It may not have been the prettiest of victories but the Habs ended their season with a pair of wins to secure first place in their division for the second time in three years. Things aren’t so rosy for the Bulldogs who lost two of their three contests which is a big blow to their postseason hopes. A few forwards seem to be getting the attention in terms of who some of Montreal’s wildcards will be in the playoffs but my Final Thought argues why the biggest one is on their blueline.
Cheers and Jeers
1) Secondary contributions. In both games this past week, as well as the Florida one, the Habs had something resembling a balanced attack. Heading into the postseason, it’s nice to have a few players who have had some recent offensive success which should be good for confidence purposes.
2) Carey Price’s recent struggles. He was bound to have a few so-so games after being so sharp for so long. It’s better for him to get those moments out of the way when the games have a lot less meaning instead of the playoffs where the spotlight shines a whole lot brighter and the pressure is much higher.
3) No one else getting hurt. The decision to play the full lineup for both games was a strange one. At least it didn’t come back to bite them in the form of any more injuries.
1) Sitting Mike Weaver for both games. This is someone who played an important and regular role in the postseason last year and has demonstrated he can step it up when the games matter more. Despite that, Weaver heads into the postseason playing a grand total of 5:02 over the last two months. Michel Therrien found time to play Manny Malhotra and Sergei Gonchar recently, why not Weaver? Now, he’s going to be too rusty to even consider using him unless the Habs have a boatload of injuries. That’s not right.
2) Those openly wondering if an early playoff exit will see Therrien handed his walking papers. It’s not going to happen. Even if the Habs were to get swept, it’s almost certain that Therrien will get one more look with a re-jigged roster (albeit on much thinner ice than he is now). The only way Therrien gets let go is if the entire leadership core of the Canadiens asked to be dealt because of their coach and no one should expect that to happen. It’s safe to say he’s sticking around no matter what happens vs Ottawa.
3) Over playing the top players these last few games. I know a division title is nice but did Subban and Markov have to play over 28 minutes in each game to achieve that? Did Plekanec need to play almost 22 minutes per game in those two contests? It’s one thing to not rest the players, it’s another to play them more than their season average in games that didn’t mean a whole lot.
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Shootout – Skaters:
Shootout – Goalies:
Goals: Max Pacioretty (37) – T-5th in NHL
Assists: P.K. Subban (45)
Points: Max Pacioretty (67)
+/-: Max Pacioretty (+38) – T-1st in NHL
PIMS: Brandon Prust (134) – 6th in NHL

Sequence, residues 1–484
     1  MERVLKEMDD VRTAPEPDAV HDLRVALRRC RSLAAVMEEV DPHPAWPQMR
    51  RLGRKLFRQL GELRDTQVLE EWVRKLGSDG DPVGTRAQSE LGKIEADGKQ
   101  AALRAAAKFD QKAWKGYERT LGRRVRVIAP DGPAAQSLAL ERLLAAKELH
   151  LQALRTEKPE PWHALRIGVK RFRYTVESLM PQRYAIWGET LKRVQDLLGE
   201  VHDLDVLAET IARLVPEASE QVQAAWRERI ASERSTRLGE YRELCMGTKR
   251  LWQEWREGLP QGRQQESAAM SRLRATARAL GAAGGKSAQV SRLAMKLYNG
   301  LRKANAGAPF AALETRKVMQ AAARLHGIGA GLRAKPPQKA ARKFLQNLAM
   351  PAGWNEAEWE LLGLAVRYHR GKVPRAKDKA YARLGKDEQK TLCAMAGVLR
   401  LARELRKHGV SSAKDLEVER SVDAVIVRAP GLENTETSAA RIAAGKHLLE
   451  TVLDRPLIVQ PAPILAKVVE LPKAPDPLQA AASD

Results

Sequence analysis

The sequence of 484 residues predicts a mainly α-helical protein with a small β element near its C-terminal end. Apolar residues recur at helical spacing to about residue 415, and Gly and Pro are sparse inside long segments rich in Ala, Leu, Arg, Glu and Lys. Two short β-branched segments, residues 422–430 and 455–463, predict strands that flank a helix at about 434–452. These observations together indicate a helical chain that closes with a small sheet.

Shots: Max Pacioretty (302) – 3rd in NHL
The Dog Pound
The Bulldogs have seen their playoff hopes drop considerably after losing two of three. For them to have any chance at making it now, they’ll need to go 3-0 in their final week of the season.
News and Notes:
– Another defenceman is out now as Bryan Allen will miss the next 6-8 weeks with a foot injury. There are now four regular blueliners on the shelf.
– Tim Bozon has been re-assigned to the Bulldogs although he was a healthy scratch in both games against Texas.
– The Bulldogs are now three points out of the final playoff spot with just three games to go. Toronto, who sits eighth, also has a game in hand on Hamilton.
– Lines from the most recent game:
Carr – Hudon – Andrighetto
Tangradi – Dumont – Thomas
Bowman – Hensick – Sorkin
Fournier – Dowell – McNally
Bennett – Dietz
Ellis – Lernout
Shea – Didier
Goals: Daniel Carr (23)
Assists: Hensick/Hudon (38)
Points: T.J. Hensick (56)
+/-: Davis Drewiske (+15)
PIMS: Joe Finley (132)
Shots: Gabriel Dumont (173)
April 14: Hamilton vs Oklahoma City
April 17: Hamilton vs Lake Erie
April 18: Lake Erie vs Hamilton
With the postseason on the horizon, many are trying to guess who the wildcards will be for the postseason. Who will be this year’s Rene Bourque or Lars Eller? Not surprisingly, many are picking Eller to repeat his strong play while others are thinking Dale Weise and Devante Smith-Pelly will also find new levels to their games. Those are all good choices but I think the true wildcard is on Montreal’s blueline.
Since being acquired, we’ve seen two sides of Jeff Petry. One is the defensively responsible one that doesn’t do much with the puck while the other is defensively responsible and is capable of putting up points. The first version is still a quality top four blueliner but the second is a difference maker. The Habs have two defencemen who can make a big impact on the game at both ends of the rink. If they have a third who can do so even most nights, that will be a boon for Montreal’s playoff hopes.
All of the Canadiens’ impact players (goalies, top four defencemen, and top six forwards) have some NHL playoff experience except for one…Jeff Petry. The last time he saw postseason action was back in 2010-11 where he saw action in six AHL postseason games. His last playoff series before that was back in his days in the USHL just after being drafted by Edmonton. There’s always a question of how a player will fare in his first NHL playoff action; add that to Petry’s up-and-down offensive potential and you have yourself a true wildcard heading into the Ottawa series.